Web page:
Objective: There is accumulating evidence that the error-related negativity (ERN), an event-related potential elicited after erroneous actions, is altered in different psychiatric disorders and may help to guide treatment options. Thus, the ERN is a promising candidate as a psychiatric biomarker. Basic methodological requirements for a biomarker are that their measurements are standardised and reliable. The aim of the present study was to establish ERN acquisition in a reliable, time-efficient and patient-friendly way for use in clinical practice.
Methods: Healthy subjects performed a speeded Eriksen Flanker Task that increases the number of errors. In a test-retest design (N = 14) with two sessions separated by 28 days we assessed the reliability of the ERN. To ensure external validity, we aimed to replicate previously reported correlation patterns of ERN amplitude with (A) number of errors and (B) negative affect. In order to optimise the clinical use of the task, we determined to which extent the task can be shortened while keeping reliability >0.80.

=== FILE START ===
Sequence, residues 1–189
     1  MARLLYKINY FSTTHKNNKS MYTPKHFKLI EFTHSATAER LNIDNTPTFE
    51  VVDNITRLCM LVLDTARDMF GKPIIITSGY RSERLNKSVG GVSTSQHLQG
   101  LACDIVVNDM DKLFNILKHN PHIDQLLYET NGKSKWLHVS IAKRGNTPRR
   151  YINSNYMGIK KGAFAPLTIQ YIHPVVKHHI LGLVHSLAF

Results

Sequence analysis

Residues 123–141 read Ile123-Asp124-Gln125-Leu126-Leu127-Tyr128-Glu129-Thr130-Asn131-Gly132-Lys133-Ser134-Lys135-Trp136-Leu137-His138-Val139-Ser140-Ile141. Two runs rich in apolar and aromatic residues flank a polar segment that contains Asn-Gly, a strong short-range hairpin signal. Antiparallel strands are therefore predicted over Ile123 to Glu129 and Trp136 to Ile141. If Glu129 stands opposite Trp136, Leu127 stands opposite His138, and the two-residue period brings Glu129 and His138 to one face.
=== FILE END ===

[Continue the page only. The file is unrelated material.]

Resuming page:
Results: We found excellent reliability of the ERN (intraclass correlation coefficients = 0.806-0.947) and replicated ERN correlation patterns. The task can be halved to a patient-friendly length of 200 trials (recorded in 8 min) keeping reliability >0.80.
Conclusions: The modified task provides reliable and efficient recording of the ERN, facilitating its use as a psychiatric biomarker.
Keywords: electroencephalography; evoked potentials; reproducibility of results.